Every day that a Starbucks runs out of cold brew is a day that is ruined somewhere in America. We know, because every day a plaintive soul cries out into the wilderness on Twitter:
“The Starbucks is out of cold brew excuse me while the basic white girl in me dies.”
“One of the Starbucks on campus ran out of cold brew I’m transferring.”
“Starbucks: we’re out of cold brew *metaphorically stabs me in the heart*”
We are too fancy for iced coffee anymore. Now we drink cold brew, the magical caffeinated elixir that is suddenly everywhere, from your fussy, independent coffee shop to the most proletarian of Dunkin’ Donuts. It’s the drink of young people. It’s the drink of summer.
“It’s iced coffee taken seriously, rather than iced coffee as an afterthought,” said Peter Giuliano, senior director of the Specialty Coffee Association of America.
If only everyone ordering it actually knew what it is.
“It’s like when people ask for a Kleenex when they want a tissue,” said Josh Brodey, a manager at Slipstream, a Washington coffee shop. “The word’s just floating around. I think about 50 percent of our customers that use the words ‘cold brew’ don’t think of it any differently than iced coffee.”
But it is different. A traditional iced coffee is made with hot-brewed coffee that has been cooled down. But cold brew is steeped in room-temperature or chilled water, allowing the coffee to slowly infuse over time. Fans say the method results in a mellower, less acidic coffee.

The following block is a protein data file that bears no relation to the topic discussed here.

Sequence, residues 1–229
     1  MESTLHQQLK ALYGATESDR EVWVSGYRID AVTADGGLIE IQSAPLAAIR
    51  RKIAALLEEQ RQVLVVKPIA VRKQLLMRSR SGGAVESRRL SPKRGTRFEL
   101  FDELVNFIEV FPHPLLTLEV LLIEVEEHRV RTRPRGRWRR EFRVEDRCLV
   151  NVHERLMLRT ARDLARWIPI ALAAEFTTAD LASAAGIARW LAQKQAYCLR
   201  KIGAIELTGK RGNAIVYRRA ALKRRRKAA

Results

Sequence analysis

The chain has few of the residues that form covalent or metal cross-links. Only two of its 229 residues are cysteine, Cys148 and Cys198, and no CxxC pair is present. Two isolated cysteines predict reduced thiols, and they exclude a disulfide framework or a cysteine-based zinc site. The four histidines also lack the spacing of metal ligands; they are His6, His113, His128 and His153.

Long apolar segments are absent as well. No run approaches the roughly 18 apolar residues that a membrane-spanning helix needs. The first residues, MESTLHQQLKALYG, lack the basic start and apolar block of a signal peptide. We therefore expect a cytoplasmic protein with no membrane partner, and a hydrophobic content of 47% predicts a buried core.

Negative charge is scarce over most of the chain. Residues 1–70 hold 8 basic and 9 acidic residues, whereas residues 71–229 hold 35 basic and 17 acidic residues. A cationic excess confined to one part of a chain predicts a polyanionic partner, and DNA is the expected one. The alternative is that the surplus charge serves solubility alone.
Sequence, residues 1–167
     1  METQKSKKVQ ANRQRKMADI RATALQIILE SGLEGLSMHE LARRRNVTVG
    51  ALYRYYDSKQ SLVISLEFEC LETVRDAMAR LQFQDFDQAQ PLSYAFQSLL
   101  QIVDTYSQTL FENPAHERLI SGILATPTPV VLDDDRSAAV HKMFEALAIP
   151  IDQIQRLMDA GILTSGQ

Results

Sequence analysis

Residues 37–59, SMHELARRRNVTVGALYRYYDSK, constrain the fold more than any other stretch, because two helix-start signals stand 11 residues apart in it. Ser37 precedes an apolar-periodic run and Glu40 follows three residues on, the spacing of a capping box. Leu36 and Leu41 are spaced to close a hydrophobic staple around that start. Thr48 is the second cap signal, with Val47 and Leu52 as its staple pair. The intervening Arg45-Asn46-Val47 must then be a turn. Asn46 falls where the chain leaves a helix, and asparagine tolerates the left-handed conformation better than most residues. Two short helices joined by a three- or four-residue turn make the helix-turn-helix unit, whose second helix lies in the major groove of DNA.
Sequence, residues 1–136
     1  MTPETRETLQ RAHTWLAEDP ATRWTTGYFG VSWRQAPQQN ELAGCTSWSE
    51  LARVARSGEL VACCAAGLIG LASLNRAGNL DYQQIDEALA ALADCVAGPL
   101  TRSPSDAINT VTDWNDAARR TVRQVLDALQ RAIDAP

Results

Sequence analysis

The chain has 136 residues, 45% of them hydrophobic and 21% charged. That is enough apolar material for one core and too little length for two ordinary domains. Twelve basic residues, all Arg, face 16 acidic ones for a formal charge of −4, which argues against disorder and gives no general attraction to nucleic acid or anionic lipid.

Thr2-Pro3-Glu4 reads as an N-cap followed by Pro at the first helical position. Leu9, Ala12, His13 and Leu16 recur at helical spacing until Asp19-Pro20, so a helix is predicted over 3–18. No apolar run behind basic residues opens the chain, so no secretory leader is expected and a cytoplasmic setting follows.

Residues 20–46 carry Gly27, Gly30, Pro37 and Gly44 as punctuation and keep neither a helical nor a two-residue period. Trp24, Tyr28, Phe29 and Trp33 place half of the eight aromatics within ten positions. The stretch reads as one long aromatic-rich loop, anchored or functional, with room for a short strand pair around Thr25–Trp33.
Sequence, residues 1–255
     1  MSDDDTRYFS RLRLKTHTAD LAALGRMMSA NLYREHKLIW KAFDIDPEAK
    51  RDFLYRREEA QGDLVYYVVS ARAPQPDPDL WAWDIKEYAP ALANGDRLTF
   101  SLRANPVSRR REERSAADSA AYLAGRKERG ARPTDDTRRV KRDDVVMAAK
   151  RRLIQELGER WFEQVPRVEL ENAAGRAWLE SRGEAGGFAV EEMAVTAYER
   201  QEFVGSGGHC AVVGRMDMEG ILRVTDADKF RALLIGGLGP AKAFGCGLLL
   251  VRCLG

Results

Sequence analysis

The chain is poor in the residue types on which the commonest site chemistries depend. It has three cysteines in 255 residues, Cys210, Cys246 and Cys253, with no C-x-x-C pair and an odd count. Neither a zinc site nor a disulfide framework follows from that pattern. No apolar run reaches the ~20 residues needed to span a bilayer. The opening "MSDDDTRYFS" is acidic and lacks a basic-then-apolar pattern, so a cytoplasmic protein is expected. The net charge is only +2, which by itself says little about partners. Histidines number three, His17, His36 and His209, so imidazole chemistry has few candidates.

It has to do with chemistry: Mixing hot water with coffee grounds is the most efficient way to extract its oils, acids and fragrance, all of which contribute to its flavor. Coffee brewed hot will have a stronger flavor and smell. But according to the UCLA Science and Food blog, heat can also cause coffee oils to oxidize, and its acids to degrade, which can give it a sour, bitter flavor.
Making cold brew coffee
In a less enlightened era, iced coffee was made with leftover hot-brewed coffee that had been sitting out too long. But the ’90s brought us Starbucks and incredible demand for its iced frappuccinos and lattes. That paved the way for third-wave coffee shops that brought coffee geekdom, with its Chemexes and Aeropresses, into the mainstream. As coffee companies perfected their technique, the next big leap came from the brand Stumptown, which bottled its cold brew in 2011.
“They put the cold brew in these stubbies bottles, like a Red Stripe,” Giuliano said. “That played on the sort of cold brew pun — is cold brew a coffee or a beer? — and that really engaged people. … If you’re a 24-year-old living in Williamsburg, Brooklyn, what cooler thing is there [than] to be cruising around town holding a beer bottle in the morning?” From there, other coffee shops hopped on the bandwagon, and for the past two years, the trend has continued to trickle up, culminating when Starbucks and Dunkin’ Donuts rolled out their versions of the drink nationwide in July 2015 and August 2016, respectively.
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“Our Coffee Excellence Team had been working on cold brew for a few years,” Jeff Miller, executive chef and vice president of product innovation for Dunkin’ Brands, said in an email. “Given the increasing popularity of iced coffee and cold brew we felt it was the right time.” And Starbucks, following in the footsteps of La Colombe, Compass Coffee and other independent shops, is rolling out the next frontier of cold brew, colloquially called nitro. The cold brew is infused with nitrogen, which gives it a slightly effervescent, creamy texture.